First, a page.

Cohen began collecting art in 2000, and has since become a prominent collector, appearing on Art News magazine's "Top 10" list of biggest-spending art collectors around the world each year since 2002, and Forbes magazine's "Top Billionaire Art Collectors" list in 2005. He began spending a substantial proportion of his assets on art in the early 2000s. A 2015 estimate valued his art collection at about $1 billion. Also in 2015, he reportedly bought the world's most expensive sculpture, Alberto Geacometti's Man Pointing.
Cohen is reportedly building a private museum for some of his artwork on his Greenwich property. He owns or has owned artworks by Lucio Fontana, Alberto Giacometti, Willem de Kooning, Jeff Koons, Edvard Munch, Pablo Picasso, and Andy Warhol.
Cohen's tastes in collecting changed quickly from Impressionist painters to contemporary art. While he has collected works from important emerging artists such as Adam Pendleton, he is most famous for collecting 'trophy' art—signature works by famous artists—including a Pollock drip painting from David Geffen for $52 million and Damien Hirst's The Physical Impossibility of Death in the Mind of Someone Living, a piece that the artist had bought back from Charles Saatchi for $8 million.
He has purchased some unusual art works. In 2006, Cohen remarked that repairing his suspended shark artwork (Hirst's Physical Impossiblity), a cost estimated to be a minimum of $100,000, was an "inconsequential" expense. Since the original shark was over 10 years old, it had begun to rot. It was replaced with another shark in 2006. Cohen has also placed Marc Quinn's Self, a head sculpture made of frozen blood, in the SAC lobby.
In 2006, Cohen attempted to make the most expensive art purchase in history when he offered to purchase Picasso's Le Reve from casino mogul Steve Wynn for $139 million. Just days before the painting was to be transported to Cohen, Wynn, who suffers from poor vision due to retinitis pigmentosa, accidentally thrust his elbow through the painting while showing it to a group of acquaintances inside of his office at Wynn Las Vegas. The purchase was canceled, and Wynn still held the painting until early November 2012, when Cohen finally acquired the painting for $150 million.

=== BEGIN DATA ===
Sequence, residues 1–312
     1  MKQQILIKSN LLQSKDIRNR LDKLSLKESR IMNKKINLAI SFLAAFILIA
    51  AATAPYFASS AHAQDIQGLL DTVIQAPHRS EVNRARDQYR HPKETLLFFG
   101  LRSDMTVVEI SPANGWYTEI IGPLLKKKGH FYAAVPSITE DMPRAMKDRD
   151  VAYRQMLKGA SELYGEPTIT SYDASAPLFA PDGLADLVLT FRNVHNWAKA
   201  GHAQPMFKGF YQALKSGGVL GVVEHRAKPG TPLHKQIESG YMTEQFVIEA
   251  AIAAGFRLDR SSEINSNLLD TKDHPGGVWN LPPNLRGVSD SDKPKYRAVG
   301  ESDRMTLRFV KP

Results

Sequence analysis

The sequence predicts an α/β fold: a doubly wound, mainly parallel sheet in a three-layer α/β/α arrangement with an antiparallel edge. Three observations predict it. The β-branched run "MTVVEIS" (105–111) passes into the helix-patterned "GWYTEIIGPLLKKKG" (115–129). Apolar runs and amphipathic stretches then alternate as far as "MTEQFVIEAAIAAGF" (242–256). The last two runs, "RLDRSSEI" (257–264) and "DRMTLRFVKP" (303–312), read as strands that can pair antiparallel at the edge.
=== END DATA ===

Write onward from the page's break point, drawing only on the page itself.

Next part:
Cohen and his wife Alexandra have donated over quarter of a billion dollars over the last decade to projects involved in health, education, arts & culture, and New York community. The Cohens have donated large sums to a number of hospitals, with a particular focus on pediatric care. They gave the Long Island Jewish Medical and the North Shore University Hospital $55 million to expand pediatric care. The Morgan Stanley Children's Hospital at the NY Presbyterian Cornell Weill Medical Center received a $50 million donation. In 2014, the Cohen Foundation provided funding, via the New York University Langone Center, for the study of post-traumatic stress and traumatic brain injury. Cohen has committed $30 million toward research to accelerate development of biomarker tests and drug-based therapies for the conditions.
In April 2016, Cohen committed $275 million to establishing mental health centers for veterans and their families nationwide. The first two opened in Texas in the following months; centers in Los Angeles and Philadelphia are scheduled to open by the end of 2016, and a total of 25 are planned by 2020.
Dubbed "the hedge fund king" in a 2006 Wall Street Journal article, Time Magazine ranked him 94th in 2007 on its annual Time 100 list of most influential people. In 2011 he was included in the 50 Most Influential ranking of Bloomberg Markets Magazine.